Edward Hernandez: Tobago’s Legacy

Today’s blog post was written by Dr. Jesma McFarlane. Dr. McFarlane is a genealogical researcher. She was formally a zoologist who completed her post graduate work at Howard University, Washington D.C.,U.S.A. Her scientific background is an integral part of the foundation for her many years of genealogical research.

Edward Hernandez, who passed away on Monday 26th August 2013, has contributed significantly to Tobago’s heritage. Google his name and you will learn among his many contributions that he was a heritage expert, artist, designer and musicologist. The Tobago museum located on Fort King George, Scarborough, owes its life to this Tobago icon, the first Curator of this facility.  When the museum was first established by Mr. Hernandez, it was  housed at the Mt. Irvine Bay Hotel, there, one could have appreciated Tobago’s history documented and on display in a public space. The museum subsequently found a home among the legacy and remnants of an old colonial fort. He has been a source of information for many aspects of Tobago and is remembered by many who have benefited from his knowledge.

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To honour his memory researchers who consulted with him on the presence of the Couronians at Courland Bay, Plymouth, Tobago during Duke Jacob Kettler’s occupation in the seventeenth century, dedicated their research paper to Mr. Hernandez. The Journal of Baltic Studies published a research paper in 2013 entitled, “From The Port of Ventspils to Great Courland Bay: The Couronian Colony on Tobago in Past and Present” written by Imbi Soonan, Jesma McFarlane, Vladis Traudkains and Stefan Donecker. The paper was dedicated to the memory of Edward Hernandez for his kind hospitality during their visit to Tobago which they described as unforgettable as well as for his assistance with research.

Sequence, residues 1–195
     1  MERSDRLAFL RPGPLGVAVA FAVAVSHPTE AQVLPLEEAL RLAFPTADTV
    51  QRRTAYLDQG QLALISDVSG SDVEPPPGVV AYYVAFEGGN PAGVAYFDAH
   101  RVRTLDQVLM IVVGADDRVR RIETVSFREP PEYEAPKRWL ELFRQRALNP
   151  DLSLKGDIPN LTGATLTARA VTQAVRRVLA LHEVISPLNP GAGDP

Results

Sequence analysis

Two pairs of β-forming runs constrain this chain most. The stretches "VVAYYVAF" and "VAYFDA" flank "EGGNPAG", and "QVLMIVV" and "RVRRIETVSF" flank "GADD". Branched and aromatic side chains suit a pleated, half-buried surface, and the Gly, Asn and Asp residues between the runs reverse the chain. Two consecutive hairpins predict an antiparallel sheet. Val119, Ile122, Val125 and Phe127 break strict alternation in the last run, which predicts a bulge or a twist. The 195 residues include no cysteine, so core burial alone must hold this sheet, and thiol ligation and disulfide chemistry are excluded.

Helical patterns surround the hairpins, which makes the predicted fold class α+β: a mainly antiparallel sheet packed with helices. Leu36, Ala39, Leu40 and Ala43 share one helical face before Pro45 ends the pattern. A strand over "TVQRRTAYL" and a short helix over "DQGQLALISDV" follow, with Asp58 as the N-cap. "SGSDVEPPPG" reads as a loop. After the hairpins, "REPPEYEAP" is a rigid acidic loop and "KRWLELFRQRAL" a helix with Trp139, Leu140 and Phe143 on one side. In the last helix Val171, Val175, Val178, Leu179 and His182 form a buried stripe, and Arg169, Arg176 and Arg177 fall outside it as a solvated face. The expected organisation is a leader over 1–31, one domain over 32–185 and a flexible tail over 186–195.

The paper referred to the English royal patent acquired by Duke Jacob between 1645 and 1647, granting him possession of Tobago. A patent, he invoked decades later when he sent an expedition to colonise Tobago.  They landed at Great Courland Bay, now Plymouth, around 1654. He named the island Neu-Kurland (New Courland) and erected Fort Jacobus (Fort James) at Plymouth.

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The Tobago House of Assembly celebrates the Couronian presence in Tobago during the annual Tobago Heritage Festival, albeit not every year.  There is a monument erected to the memory of the Courlanders at Fort James, Plymouth.

 

 

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Great Courland Monument

 

In memory of the bold, enterprising and industrious Courlanders from faraway Latvia on the Baltic shores who had lived in this area named after them from 1639 to 1693.

                                                                   Dated 25/6/78

                                                           Sculpted by Jans Mintiks

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